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Texans Protest School Cuts

DALLAS - Progressive Texans are furious with the State Legislature for cuts in public education, tax giveaways to the rich, and lying. Speakers at a May 23 protest rally by Dallas school employees explained the facts with emphasis.

School Board member Ron Price and officers of the American Federation of Teachers affiliate spoke to newspersons and about 200 teachers and support staff in front of the beautiful Townview Magnet School campus, just across the Trinity River from downtown Dallas, at the close of the school day.

They explained that public statements from the Republican-dominated legislature misled Texans about an ostensible $3,000 pay raise. In fact, hardly any school employees would see an increase under House Bill#2, the education finance bill under discussion in the capitol.

Cuts in their retirement program were an immediate problem for the school employees. Legislators were attempting to take another $1 billion out of the Teacher Retirement System. They proposed to change the "rule of 80" which allows school employees to qualify for retirement when their years of service and their age add together to 80. Legislators want a "rule of 90" and/or other restrictions on retirement age. Texas teachers cannot get Social Security due to earlier legislation, and their retirement fund investments lost heavily in the Enron debacle.

Legislators are proposing to modify the teachers' contracts so that school officials can get rid of anybody they don't like without standard disciplinary procedures.

Some of the bills and amendments would privatize 5% of Texas schools each year. Others would provide more funding for "charter" schools, which are private schools operating with state money but without the strict public school restrictions. Legislators, and most Texans, know about the sorry performance of these schools, but they continue to throw more millions of taxpayer money at them. At the same time of the Dallas rally, the Legislature was considering an amendment tagged on to an unrelated bill that would have provided state money for a private school voucher program. The amendment was barely beaten at approximately the same time that the Dallas rally footage was playing on the evening news!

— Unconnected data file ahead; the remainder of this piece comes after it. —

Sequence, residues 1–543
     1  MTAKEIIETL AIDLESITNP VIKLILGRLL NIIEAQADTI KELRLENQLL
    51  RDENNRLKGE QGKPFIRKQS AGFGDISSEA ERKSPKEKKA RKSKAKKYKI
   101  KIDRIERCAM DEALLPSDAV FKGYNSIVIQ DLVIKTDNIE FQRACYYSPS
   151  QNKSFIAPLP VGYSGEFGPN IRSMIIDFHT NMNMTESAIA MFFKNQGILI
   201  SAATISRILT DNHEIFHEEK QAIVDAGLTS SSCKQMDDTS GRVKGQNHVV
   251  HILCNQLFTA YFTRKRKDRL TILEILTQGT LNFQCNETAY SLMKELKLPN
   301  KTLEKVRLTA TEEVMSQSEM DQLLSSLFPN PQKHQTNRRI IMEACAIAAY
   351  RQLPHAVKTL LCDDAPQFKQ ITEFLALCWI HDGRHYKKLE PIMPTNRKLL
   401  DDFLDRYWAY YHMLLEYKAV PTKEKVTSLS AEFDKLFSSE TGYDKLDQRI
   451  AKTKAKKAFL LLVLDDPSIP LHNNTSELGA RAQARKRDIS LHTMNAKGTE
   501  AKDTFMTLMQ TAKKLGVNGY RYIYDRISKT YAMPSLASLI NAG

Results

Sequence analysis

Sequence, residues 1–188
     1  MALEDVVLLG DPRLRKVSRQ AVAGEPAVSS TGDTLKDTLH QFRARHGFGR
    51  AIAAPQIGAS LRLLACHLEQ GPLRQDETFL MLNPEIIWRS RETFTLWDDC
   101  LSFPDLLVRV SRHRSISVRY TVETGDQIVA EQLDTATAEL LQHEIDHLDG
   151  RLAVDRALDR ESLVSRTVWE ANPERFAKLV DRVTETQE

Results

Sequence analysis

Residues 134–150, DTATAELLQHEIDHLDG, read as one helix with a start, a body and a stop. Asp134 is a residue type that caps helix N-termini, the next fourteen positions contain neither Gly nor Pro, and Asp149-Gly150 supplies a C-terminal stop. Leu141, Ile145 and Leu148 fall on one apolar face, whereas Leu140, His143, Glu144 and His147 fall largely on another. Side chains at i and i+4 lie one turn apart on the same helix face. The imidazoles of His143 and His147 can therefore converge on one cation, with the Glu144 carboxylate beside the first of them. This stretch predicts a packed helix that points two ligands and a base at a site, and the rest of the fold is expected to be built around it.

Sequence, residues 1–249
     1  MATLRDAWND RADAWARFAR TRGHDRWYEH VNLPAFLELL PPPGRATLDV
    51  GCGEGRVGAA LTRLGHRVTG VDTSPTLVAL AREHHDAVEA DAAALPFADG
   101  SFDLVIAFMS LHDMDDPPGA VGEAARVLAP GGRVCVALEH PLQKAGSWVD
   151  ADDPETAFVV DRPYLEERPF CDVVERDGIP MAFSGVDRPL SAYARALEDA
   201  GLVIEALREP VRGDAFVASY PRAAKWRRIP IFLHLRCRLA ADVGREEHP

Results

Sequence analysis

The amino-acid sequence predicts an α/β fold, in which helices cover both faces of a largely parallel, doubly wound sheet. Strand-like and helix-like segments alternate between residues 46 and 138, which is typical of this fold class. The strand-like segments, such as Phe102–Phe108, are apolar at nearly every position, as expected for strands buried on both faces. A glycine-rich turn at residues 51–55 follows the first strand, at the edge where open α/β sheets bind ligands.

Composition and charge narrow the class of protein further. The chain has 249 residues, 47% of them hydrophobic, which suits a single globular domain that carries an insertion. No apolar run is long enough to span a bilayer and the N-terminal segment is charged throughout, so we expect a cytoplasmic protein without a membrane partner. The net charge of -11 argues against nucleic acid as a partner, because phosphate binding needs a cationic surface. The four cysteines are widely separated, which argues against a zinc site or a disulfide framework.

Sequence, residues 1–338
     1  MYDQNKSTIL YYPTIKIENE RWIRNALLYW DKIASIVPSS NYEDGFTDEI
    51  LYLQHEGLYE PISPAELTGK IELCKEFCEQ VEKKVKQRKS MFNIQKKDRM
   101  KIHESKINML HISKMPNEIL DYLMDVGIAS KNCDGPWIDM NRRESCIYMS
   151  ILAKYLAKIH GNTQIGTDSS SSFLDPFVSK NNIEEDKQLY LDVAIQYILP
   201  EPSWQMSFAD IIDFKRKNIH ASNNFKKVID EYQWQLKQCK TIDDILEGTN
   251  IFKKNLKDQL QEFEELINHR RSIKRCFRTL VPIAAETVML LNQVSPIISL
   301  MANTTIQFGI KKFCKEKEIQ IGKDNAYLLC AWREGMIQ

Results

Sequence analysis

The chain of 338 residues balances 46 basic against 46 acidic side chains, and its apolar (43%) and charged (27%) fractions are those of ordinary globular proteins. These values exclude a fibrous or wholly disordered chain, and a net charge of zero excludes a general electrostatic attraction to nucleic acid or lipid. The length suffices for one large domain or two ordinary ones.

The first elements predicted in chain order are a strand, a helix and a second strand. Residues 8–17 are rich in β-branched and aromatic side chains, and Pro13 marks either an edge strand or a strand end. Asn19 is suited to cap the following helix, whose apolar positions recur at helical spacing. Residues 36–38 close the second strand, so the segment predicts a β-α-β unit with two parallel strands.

The Legislature expects to follow the education cuts with House Bill#3, which would raise taxes on most Texans and provide for big property tax relief for the wealthiest 10%, according to AFT lobbyist Dwight Harris at the rally. Many Texas children are already doing without textbooks. "Money for textbooks, not for vouchers!" yelled the crowd.

The Texas Constitution says that the state must finance quality education. But the President of the Dallas AFT affiliate said that the state had shifted the burden more and more to local property taxes. While the state formerly paid 33% of Texas education expenses, they now pay 18%. "That's putting your money where your mouth isn't!" she told the infuriated school employees.

She contrasted the cuts to the schools with a separate bill, already passed, which gave the State Representatives and Senators a whopping increase in their own retirement plan. If they serve for three sessions over 6 years, they would qualify for a $6,000/month petition, while teachers who served 26 years would receive only $2,000, she explained. She brought the angry crowd to the only conclusion that any observant Texan could draw: "The legislature is being led by people who are out to destroy public education!"

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